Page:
New mesh daemon + new kernel everywhere should still work.

New mesh daemon + pre-4.8 kernel: you will most likely see that peering works but no data goes across because HWMP frames are dropped at the peer. The solution here is to enable PMF in the mesh daemon:

  • add “pmf=2″ or “ieee80211w=2″ to the relevant section of wpa_supplicant.conf
  • add “pmf=1;” to the meshd section of authsae.cfg

If you for some reason find yourself in the position of needing to run a mix of old/new wpa_s and/or old/new kernel, here are my (completely untested) suggestions:

  • patch the kernel to accept PMF-protected frames as well as encrypted frames (this allows older kernels to work with newer ones)
  • patch the new mesh daemon (wpa_supplicant or authsae) to copy the MGTK into the IGTK instead of generating a separate key (this allows older mesh daemon to work with the newer one since older daemon will use MGTK for IGTK).

Both of these will reduce your security and don’t follow the spec, so there’s little chance such changes will go upstream.

[1] Prior to 706a2cf, authsae doesn’t even interoperate with wpa_supplicant due to not filling in all of the elements in peering frames. My advice would be to switch to wpa_supplicant, which has things like a maintainer and a test suite.
[2] On encryption vs integrity protection: the latter is similar to PGP-signing of emails: it makes tampering evident but does not hide the content of the message itself.

On Drawing Squares

I’ve been looking at the sample drawing in speccy to try and speed it up. For a given frame, it renders about 10000 points as 9-pixel anti-aliased squares using Cairo, in Python. On my desktop (Debian stable, Nouveau driver) it gets a pokey 1 FPS.

My graphics knowledge is about 20 years old at this point, and while I did once know various arcane tricks on the hardware of the day, none of that is relevant now. So I know basically nothing about modern graphics. It is still not clear to me to what extent the 2D primitives use acceleration, and it doesn’t help much that, in as many years that I’ve been asleep on this topic, there seems to have been as many new APIs introduced and retired: today there are at least XRender, XAA, EXA, UXA, SNA, and Glamor — did I miss any?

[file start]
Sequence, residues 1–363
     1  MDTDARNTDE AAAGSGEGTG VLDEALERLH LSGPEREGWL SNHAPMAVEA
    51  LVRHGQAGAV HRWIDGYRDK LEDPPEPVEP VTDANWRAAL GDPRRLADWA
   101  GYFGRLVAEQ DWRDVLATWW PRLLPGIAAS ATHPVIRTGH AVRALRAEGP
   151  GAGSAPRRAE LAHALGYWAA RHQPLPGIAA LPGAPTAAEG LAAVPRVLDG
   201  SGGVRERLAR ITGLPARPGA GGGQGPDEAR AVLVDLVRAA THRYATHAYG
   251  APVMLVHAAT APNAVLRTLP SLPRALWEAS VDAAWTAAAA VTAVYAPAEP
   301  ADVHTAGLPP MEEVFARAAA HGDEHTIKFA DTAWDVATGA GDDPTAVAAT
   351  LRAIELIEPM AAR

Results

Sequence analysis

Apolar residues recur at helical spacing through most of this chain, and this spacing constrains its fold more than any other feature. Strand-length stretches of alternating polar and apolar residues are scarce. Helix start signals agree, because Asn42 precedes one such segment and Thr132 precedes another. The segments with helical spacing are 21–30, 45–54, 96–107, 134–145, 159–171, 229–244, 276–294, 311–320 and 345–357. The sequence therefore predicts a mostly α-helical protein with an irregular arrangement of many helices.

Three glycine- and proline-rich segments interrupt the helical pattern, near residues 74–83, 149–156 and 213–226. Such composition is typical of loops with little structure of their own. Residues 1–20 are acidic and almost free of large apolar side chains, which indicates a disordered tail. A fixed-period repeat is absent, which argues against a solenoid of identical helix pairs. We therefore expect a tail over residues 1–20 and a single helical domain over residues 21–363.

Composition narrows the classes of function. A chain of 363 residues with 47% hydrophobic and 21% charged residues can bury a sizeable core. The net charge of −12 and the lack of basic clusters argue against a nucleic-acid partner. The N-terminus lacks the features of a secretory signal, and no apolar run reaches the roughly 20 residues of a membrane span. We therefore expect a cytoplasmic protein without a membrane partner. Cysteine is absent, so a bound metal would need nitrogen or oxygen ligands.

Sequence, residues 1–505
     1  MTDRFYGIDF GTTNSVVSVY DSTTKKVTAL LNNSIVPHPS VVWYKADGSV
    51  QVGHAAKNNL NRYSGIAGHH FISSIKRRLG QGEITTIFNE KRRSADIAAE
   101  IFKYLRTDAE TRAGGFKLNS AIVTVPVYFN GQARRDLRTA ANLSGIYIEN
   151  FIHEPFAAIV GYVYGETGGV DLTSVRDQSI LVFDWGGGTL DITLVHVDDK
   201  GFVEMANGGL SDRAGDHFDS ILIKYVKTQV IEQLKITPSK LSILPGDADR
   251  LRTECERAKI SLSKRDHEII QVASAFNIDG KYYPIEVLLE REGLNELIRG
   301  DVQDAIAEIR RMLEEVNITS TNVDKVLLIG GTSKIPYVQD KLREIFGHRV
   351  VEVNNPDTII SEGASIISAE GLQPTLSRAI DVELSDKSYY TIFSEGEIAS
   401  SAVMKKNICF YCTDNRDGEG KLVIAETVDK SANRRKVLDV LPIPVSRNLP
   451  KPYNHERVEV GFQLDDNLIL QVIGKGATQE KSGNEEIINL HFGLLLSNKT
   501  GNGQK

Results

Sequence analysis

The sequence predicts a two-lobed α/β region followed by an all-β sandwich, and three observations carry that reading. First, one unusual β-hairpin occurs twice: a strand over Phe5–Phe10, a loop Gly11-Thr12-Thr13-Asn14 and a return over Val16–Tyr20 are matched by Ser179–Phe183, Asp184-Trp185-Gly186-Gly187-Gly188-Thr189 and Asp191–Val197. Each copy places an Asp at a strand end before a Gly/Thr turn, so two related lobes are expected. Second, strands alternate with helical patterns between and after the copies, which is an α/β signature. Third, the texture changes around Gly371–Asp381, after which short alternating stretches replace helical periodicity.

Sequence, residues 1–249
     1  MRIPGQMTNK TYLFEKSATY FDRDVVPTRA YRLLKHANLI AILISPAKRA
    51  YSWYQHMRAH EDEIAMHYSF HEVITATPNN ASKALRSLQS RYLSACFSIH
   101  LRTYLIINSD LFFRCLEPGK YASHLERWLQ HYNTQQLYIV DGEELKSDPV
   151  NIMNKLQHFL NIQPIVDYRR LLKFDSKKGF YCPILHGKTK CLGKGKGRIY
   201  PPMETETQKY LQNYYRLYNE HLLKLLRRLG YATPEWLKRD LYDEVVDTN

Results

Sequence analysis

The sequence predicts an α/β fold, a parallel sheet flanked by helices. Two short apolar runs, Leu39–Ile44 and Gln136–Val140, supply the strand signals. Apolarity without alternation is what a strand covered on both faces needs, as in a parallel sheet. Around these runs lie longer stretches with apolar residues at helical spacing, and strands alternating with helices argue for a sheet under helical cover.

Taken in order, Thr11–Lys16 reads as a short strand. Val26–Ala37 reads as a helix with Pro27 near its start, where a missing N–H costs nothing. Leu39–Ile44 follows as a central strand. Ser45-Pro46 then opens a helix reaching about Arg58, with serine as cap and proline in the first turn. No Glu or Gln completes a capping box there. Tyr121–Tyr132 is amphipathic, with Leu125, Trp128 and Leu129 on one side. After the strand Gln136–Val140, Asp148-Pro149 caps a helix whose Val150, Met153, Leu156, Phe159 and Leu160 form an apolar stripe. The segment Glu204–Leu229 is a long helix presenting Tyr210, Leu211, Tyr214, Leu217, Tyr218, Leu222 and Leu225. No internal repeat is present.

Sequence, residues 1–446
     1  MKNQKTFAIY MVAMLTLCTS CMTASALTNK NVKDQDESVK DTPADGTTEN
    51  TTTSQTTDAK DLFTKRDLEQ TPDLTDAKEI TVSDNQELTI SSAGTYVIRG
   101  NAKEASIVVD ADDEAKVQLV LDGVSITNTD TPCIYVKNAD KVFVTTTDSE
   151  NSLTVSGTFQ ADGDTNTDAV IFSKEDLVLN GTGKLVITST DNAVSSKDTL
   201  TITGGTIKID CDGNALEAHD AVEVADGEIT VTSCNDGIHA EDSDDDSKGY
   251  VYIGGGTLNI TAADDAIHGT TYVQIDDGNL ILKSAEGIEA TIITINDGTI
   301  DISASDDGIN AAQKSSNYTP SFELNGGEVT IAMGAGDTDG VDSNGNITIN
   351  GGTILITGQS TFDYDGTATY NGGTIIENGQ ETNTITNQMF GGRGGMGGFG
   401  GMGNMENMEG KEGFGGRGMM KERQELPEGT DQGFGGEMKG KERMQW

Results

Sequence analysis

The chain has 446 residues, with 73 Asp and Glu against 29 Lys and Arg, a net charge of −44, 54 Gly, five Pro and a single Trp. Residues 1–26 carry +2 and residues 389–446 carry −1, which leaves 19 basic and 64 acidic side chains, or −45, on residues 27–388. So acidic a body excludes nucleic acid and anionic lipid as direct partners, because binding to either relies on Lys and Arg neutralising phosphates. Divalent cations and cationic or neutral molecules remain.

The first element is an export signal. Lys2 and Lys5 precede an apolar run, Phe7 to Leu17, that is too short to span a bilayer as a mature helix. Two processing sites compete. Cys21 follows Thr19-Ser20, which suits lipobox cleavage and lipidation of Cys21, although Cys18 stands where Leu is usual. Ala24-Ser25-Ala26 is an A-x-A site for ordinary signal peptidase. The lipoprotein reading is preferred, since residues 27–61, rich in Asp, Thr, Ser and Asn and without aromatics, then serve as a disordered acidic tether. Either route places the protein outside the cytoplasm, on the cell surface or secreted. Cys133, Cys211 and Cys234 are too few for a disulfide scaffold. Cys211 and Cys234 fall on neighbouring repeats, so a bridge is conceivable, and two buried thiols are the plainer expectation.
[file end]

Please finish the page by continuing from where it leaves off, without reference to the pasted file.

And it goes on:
Anyway, here are the results on my desktop from things that I’ve tried so far [1]:

test                    FPS
----                    -------
orig (aa)                0.904780
no_aa                    1.103061
no_cairo                 8.372354
no_cairo_aa              2.408143
batched                 19.873722
batched_aa              29.045358
batched_by_color         7.611148
batched_by_color_aa     14.856336

The tests are:

  • orig: the current code, where each rectangle is filled immediately in turn.
  • no_cairo: I skip Cairo completely and manually render to a GdkPixbuf internally, under the theory that draw function call overhead is the big killer
  • batched: using Cairo with one cr.fill() call for all of the rectangles. This means all are rendered with the same color, and as such could not actually be used. But it is interesting as a data point on batching vs. not.
  • batched_by_color: one cr.fill() call per distinct color
  • aa refers to having antialiasing enabled

Batching appears to make a huge difference, and binning and batching by color is the most performant usable setup. It’s not really difficult to batch by color since the colors are internally just an 8-bit intensity value, though in my quick test I am hashing the string representation of the float triples so it’s not as quick as it could be.